“At one level people often criticise innovation strategies for being too short term in their nature. Some of the changes we want to see are going to take longer than three to five years – or one to two electoral cycles – to take into account,” Dr Day said.

“And obviously if you go super long-term it gets harder and harder to anticipate what the world might look like. But I like 2030 because it’s effectively one education cycle – kids go from starting school to finishing school in 12 to 13 years,” he said.

“And so kids going into the school system this year will be into the university system in their first year in 2030. That seems like about the right time horizon to be thinking about some of these big issues.”

The ambition, of course, is to create a long term view of policy consistency. This would naturally be a theme of the 2030 strategic plan: Long term consistency.

Aside from underlining the “known knowns” of the Australian innovation system of being quite good at research and not so good at translation, this performance review has thrown up a couple of surprising findings, Dr Day says.

Most surprising is that the popularly-held view that Australians suffer under a risk averse culture is not supported by the evidence. Certainly it is not as great an issue as popular thinking has it, Dr Day said.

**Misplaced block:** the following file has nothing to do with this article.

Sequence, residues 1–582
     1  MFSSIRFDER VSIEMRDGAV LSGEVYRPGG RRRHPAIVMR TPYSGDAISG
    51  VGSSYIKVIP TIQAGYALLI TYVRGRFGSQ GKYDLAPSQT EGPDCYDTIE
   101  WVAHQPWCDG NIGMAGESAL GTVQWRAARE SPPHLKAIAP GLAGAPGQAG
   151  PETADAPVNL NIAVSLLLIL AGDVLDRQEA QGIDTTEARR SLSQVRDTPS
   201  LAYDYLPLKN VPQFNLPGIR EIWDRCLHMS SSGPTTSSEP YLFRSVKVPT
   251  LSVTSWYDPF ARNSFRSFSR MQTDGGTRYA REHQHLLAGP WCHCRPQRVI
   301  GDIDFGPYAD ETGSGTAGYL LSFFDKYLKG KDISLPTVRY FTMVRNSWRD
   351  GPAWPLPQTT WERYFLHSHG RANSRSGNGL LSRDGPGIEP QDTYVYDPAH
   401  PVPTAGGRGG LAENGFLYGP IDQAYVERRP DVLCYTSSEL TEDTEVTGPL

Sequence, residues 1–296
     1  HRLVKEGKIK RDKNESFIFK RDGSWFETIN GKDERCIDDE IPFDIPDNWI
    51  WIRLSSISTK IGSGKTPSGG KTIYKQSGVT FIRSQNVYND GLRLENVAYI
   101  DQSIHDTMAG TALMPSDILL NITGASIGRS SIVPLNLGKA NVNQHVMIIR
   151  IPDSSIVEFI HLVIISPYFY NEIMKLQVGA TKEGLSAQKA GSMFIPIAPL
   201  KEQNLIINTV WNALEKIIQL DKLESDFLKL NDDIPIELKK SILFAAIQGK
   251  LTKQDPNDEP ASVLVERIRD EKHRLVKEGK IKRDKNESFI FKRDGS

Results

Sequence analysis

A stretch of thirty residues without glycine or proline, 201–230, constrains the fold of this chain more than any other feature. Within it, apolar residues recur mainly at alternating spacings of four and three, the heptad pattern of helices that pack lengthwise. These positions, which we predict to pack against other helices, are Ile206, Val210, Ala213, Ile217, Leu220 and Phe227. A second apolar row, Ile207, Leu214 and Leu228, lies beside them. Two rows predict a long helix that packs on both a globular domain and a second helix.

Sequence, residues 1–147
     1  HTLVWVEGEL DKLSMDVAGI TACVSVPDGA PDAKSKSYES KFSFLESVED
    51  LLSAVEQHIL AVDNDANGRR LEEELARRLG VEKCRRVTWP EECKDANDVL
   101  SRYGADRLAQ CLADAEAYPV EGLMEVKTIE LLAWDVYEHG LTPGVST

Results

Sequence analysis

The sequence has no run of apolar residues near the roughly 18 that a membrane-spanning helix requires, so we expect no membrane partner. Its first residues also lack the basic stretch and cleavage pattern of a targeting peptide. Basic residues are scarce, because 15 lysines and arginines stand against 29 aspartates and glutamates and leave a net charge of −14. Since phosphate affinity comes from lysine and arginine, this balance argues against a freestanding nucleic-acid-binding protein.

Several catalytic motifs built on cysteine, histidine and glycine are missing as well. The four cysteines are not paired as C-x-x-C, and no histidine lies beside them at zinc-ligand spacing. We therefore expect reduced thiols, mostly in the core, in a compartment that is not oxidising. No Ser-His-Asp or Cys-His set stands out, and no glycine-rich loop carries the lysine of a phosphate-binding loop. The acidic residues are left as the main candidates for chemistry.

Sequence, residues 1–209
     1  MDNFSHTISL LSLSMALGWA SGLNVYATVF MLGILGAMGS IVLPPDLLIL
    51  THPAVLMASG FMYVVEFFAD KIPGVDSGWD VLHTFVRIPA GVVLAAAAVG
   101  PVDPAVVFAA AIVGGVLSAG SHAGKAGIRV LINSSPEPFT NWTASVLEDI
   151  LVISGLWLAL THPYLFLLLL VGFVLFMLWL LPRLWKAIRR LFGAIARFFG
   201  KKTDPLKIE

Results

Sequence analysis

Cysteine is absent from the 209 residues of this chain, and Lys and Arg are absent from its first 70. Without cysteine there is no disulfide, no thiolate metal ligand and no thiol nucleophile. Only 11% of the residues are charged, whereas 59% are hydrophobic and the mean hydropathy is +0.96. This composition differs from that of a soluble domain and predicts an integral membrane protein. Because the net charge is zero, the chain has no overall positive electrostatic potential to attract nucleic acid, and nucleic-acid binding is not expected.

“That self-image of Australians being inherently risk averse is not necessarily supported by the evidence,” he said. “There are some challenges around long-term thinking and the appetite for long-term planning, but on the general theme of risk-appetite, we are better than I think we give ourselves credit for.”

The other surprise comes from the strength of some of the startup ecosystems across the country. That strength has not yet started to show up in some of the more conventional, economic statistics that tend to lag by a few years, but was something that was pronounced enough to be remarkable – even by those immersed in those ecosystems.

Dr Day said this was true not just of inner-city metropolitan ecosystems, but had startup ecosystem strength had shown up in regional centres also, with Geelong and Wollongong the standouts.

The role of targeted state government programs, and the interactions of Australia’s three tiers of government will be a key feature of the 2030 strategies.

While there was a view in some parts of the industry that state versus state rivalries were counterproductive to the national innovation system, Dr Day takes a different view. While there is a need to avoid duplication and to “harmonise” the tiers of government, a competitive approach across the states is not a bad thing.

And programs that are found to work in one state can then be picked up by others.

“You don’t want duplication, but I don’t think you need complete homogeneity either – because the very nature of the Federation means you can use differences to be innovative.”

This is a long game, Dr Day said. That doesn’t mean you don’t need to act with urgency in refining and redirecting the innovation system. But it does mean you need to think big, and think in the long-term.

He encourages people to look at innovation ecosystems that have performed well, and to study where they came from. Israel’s startup nation success is obvious, or even the changes that have been occurring more recently in the UK.

“Over a decade you can actually achieve a fairly significant shift in the way economies operate,” Dr Day said.

And that’s what the Q4 release of the Innovation and Science Australia 2030 Strategic Plan is all about.